Australian dentists issue warning about “dental tourism”

“Don’t risk the ‘cheap health holiday away’ only to have a ‘big health bill’ after you come back”. That’s the warning from the Australian Dental Association (ADA) and Shire Dental Centre agrees.

“Dental tourism” is the practice of undertaking medical or dental treatment procedures overseas while people are on holidays.

ADA Deputy Chairman of the Oral Health Committee Dr Michael Foley explained the decision to become a dental tourist usually comes to down to one simple thing – saving money.

“And while it’s true you may save some money in the short term, the reality is that things can go wrong and all those expected savings can quickly disappear and end up costing more than the holiday itself,” Dr Foley said.

“If you have the need for a complex medical treatment or procedure, it is best done in Australia where you can be assured of the safety and quality standards in place, and of the certainty of follow up.

Here are four factors the ADA and Shire Dental Centre urge any prospective traveller considering undertaking dental treatment overseas to consider:

• Too many procedures, too little time – Trying to squeeze several complex procedures into a short holiday means people risk all kinds of complications, even if the work is performed to an acceptable standard.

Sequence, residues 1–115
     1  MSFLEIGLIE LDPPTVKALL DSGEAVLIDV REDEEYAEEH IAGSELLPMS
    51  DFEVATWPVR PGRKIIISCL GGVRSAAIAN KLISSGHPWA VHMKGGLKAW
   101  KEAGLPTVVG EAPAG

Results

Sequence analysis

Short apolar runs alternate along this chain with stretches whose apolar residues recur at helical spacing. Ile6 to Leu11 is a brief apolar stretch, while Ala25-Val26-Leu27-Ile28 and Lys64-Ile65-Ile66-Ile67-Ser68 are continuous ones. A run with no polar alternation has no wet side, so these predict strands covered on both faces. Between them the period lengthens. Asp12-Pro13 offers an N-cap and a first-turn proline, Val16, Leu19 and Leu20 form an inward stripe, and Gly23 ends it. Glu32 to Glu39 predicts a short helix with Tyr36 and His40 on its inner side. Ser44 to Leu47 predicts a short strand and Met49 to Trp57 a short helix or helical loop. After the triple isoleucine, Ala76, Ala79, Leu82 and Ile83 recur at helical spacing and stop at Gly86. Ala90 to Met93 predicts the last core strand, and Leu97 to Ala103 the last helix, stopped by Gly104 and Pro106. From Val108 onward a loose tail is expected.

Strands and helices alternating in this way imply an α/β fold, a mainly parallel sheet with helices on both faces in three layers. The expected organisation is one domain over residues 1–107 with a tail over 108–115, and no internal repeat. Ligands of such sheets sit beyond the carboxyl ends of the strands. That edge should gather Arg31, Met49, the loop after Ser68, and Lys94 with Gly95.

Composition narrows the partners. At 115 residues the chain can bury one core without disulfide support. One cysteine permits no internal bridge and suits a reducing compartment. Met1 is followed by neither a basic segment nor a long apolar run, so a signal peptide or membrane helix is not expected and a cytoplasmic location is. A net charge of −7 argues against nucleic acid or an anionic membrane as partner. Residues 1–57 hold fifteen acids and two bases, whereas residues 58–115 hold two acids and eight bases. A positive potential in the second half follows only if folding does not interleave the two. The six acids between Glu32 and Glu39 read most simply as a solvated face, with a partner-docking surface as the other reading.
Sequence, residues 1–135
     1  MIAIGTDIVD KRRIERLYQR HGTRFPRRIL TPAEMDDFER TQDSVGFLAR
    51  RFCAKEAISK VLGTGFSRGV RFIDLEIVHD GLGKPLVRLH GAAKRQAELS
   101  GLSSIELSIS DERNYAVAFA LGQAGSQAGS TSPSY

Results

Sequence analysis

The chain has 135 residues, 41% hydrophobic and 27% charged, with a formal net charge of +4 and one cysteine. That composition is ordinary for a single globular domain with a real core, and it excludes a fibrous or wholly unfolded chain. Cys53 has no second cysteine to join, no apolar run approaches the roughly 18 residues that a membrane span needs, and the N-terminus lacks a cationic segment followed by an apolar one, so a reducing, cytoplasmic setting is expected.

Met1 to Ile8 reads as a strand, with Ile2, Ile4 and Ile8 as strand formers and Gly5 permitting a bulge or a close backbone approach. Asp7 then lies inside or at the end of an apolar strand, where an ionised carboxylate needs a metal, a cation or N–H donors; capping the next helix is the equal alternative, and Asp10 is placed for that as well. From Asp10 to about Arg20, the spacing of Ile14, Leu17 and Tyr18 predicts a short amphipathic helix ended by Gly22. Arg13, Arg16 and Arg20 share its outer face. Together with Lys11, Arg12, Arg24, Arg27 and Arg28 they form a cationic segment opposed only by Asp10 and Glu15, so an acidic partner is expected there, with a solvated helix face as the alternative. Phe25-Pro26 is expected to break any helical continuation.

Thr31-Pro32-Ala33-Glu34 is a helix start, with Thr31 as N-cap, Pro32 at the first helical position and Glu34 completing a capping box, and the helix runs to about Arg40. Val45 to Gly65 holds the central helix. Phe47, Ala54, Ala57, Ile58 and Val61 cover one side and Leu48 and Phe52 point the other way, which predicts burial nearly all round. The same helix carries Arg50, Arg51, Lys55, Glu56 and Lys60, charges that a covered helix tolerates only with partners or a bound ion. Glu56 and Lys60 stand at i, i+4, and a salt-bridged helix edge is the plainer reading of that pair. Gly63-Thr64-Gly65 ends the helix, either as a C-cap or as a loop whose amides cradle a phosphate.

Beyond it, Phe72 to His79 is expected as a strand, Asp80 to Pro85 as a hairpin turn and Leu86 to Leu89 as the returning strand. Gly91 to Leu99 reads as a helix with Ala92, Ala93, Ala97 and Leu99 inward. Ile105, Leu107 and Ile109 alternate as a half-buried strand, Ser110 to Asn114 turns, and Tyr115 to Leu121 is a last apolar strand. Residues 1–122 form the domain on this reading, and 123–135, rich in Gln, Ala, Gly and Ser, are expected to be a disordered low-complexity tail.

• Standards may not be as stringent – Australian dentists are trained to a very high standard, must be registered, and are required to operate in a strictly-regulated environment. The overseas dentist may not be as qualified or working with the same quality of materials.

• Infection and antibiotic resistance – Previously rare in Australia, superbugs (resistant to antibiotics) are appearing more and more as people return from overseas treatments. Australian dentists are obligated to adhere to strict infection control protocols.

Shire Dental Centre’s Dr Peter Bouboulos also reminded those considering “dental tourism” that things can go wrong.

“Overseas treatments that require corrective work creates more problems that would have been minimised if the original work done in Australia,” Dr Bouboulos said.

“Returning overseas to attend the original practitioner means that any savings gained from that first ‘cheap flight’ ticket are likely to be lost.

“Also, there may be additional costs with seeking an Australian qualified dentist to attend to the dental issue ‘mid-stream’, which is not recommended.

“This means that undertaking ‘dental tourism’ on the back of a ‘cheap holiday’ risks costing more than the purported savings – as well as possible additional pain.”

Considering “dental tourism”? Speak to your local dental health experts first.

Tel: (02) 9531 4888 | Fax: (02) 9531 4788
Visit: Suite 7/20-24 Gibbs Street, Miranda NSW 2228


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